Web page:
Excellent lesson with Al last Monday...
--MOVE IN around pocket! Staying in one place while pocketing allows Al to do whatever else he wants.
--Tool replace, penetrate and/or smother with shoulder while moving in, rather than staying out and trying to free arms if arms feel blocked.
--Don't second-guess yourself! Al punishes you (grabs arms, hits, etc.) primarily when you stop moving because you hesitate when things don't go as planned. Trust your sensitivity and keep moving!
--Allow arms to "fall" in when being suppressed (i.e. swing below obstruction) while using body to tool replace, penetrate and/or smother.
--Subtle pulsing: just a change in contact point from fingertips to palm (no pushing!) allows opponent to feel your structure. From there, no matter what he does (e.g. yield, push or go somewhere else), you're ready to take advantage.
Matt Kovsky, after watching part of the lesson, commented that I tend to stand too tall (i.e. straight-legged) when working with Al. Gotta remember that for next time!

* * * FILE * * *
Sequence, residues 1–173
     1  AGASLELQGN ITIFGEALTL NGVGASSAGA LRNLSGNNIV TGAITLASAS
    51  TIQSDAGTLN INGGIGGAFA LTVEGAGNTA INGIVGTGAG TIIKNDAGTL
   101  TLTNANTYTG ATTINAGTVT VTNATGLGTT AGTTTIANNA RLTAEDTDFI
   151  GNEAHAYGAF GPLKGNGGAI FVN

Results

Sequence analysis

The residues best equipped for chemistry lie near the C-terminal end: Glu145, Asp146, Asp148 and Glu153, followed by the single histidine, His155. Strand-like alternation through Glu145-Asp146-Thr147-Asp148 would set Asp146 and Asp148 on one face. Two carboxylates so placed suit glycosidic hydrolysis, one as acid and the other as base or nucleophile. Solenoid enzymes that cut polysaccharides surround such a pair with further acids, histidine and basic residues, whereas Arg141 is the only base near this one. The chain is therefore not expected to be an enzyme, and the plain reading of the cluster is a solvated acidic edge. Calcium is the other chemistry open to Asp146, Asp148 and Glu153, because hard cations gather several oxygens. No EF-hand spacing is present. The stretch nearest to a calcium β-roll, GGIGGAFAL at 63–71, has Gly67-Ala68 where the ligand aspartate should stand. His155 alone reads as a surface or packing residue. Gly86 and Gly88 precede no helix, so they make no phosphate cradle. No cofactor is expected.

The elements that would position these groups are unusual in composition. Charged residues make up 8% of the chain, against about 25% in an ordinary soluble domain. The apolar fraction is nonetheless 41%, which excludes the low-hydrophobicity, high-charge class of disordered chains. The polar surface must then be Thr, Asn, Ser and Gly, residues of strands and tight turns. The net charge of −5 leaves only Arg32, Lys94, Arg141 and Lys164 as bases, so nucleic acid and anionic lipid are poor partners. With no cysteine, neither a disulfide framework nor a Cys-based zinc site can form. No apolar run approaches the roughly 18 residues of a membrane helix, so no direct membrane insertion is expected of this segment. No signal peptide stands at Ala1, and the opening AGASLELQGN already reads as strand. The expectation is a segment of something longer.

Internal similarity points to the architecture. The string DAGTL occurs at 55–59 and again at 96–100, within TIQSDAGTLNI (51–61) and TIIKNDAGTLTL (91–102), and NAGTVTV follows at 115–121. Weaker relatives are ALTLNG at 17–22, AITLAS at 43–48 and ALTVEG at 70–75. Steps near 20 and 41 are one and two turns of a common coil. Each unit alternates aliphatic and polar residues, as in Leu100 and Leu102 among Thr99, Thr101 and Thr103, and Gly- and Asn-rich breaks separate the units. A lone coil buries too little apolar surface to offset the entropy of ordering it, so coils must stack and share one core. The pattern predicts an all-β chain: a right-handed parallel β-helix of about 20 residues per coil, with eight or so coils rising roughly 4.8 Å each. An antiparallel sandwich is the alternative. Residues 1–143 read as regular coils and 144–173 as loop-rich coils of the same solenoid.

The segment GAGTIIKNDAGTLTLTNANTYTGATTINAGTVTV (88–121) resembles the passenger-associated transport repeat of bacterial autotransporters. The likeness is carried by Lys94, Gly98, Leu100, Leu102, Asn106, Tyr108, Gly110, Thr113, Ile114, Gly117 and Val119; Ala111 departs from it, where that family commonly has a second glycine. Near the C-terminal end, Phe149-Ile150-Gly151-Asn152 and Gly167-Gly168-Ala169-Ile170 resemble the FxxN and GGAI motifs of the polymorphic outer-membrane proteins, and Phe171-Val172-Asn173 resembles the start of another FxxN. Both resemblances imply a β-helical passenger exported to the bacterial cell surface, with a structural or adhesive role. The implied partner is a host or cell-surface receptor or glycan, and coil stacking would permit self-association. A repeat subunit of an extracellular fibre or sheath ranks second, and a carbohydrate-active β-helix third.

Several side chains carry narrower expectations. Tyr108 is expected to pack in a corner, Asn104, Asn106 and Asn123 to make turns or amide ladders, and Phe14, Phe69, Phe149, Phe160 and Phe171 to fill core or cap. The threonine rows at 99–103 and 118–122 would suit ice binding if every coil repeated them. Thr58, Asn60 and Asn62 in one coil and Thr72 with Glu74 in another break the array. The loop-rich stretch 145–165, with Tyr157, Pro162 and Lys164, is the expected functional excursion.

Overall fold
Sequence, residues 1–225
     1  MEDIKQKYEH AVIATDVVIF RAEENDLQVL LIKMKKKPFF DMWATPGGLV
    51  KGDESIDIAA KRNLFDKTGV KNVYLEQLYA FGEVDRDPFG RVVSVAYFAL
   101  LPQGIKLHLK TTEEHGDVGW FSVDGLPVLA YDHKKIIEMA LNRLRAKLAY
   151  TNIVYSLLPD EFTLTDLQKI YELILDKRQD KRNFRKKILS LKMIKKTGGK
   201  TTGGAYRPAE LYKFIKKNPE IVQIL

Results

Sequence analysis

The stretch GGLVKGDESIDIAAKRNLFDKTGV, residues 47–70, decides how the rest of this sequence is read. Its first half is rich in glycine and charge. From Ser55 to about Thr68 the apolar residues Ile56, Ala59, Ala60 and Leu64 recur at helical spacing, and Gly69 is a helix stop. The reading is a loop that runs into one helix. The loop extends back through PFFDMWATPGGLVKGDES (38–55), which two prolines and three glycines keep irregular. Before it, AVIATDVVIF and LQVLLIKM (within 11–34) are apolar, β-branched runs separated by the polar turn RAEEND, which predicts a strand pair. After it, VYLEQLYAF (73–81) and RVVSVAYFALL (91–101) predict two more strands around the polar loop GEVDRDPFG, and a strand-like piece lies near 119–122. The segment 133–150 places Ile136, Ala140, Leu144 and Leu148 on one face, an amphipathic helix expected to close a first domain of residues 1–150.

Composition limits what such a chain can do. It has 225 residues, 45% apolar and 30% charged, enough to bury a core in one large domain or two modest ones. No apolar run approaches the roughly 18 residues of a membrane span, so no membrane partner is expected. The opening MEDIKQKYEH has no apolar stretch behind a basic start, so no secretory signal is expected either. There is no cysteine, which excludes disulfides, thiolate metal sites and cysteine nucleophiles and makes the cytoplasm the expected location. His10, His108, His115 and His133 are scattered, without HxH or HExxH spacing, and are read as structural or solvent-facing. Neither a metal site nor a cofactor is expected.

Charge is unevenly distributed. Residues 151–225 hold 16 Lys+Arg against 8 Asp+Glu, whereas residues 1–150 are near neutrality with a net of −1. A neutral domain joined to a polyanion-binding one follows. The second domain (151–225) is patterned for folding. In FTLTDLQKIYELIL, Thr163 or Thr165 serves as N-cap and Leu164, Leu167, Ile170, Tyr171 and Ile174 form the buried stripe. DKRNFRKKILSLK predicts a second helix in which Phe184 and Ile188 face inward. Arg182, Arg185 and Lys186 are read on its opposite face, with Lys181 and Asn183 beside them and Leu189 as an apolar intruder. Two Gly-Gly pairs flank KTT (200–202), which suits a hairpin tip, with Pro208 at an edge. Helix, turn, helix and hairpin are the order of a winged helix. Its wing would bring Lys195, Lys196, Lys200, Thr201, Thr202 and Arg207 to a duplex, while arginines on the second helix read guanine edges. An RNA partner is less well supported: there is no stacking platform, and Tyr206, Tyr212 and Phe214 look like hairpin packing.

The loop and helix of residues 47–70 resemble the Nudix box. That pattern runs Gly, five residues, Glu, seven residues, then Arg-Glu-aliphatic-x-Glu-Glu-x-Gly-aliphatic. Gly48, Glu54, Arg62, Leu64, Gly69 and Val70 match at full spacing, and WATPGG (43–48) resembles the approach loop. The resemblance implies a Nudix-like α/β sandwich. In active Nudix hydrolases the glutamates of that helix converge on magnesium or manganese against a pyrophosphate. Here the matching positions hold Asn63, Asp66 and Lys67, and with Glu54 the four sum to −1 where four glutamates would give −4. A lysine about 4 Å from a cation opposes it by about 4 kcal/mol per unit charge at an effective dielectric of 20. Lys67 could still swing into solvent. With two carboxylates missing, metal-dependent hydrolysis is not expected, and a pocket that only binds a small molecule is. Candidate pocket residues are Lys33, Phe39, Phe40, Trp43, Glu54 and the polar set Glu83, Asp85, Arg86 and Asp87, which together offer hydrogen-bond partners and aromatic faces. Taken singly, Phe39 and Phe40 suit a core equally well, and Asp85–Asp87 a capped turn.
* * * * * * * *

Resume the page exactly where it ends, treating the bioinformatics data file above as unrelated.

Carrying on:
Also, Matt implored me not to allow even much more experienced training partners to build pressure at the beginning of a contact flow engagement. Patrick, a fellow student, pointed out that he sees in me a bad habit that he deals with himself: When he begins contact flow with Al or Matt, he finds himself observing and thinking about what they're doing, as opposed to simply moving with the initial contact as he should. This allows the more experienced person to pulse or do whatever else he wants with the initial contact. The solution to this for the less experienced person is to simply not think about the fact that your training partner is more experienced, so that instead of watching/worrying about what he's going to do, you just trust your sensitivity and move normally. As it says in the book, you should be "reaching out" with your sensitivity in order to engage his intent and begin to move with him even before contact is made. Matt's and Patrick's diagnosis actually makes a lot of sense, and is something I'll work to correct--even if it may "feel" slightly disrespectful to do to people like Matt and Al. But hey, "respectful disrespect," according to John, is the way to go.
Looking forward to the Master Class with John this coming Sunday. . . .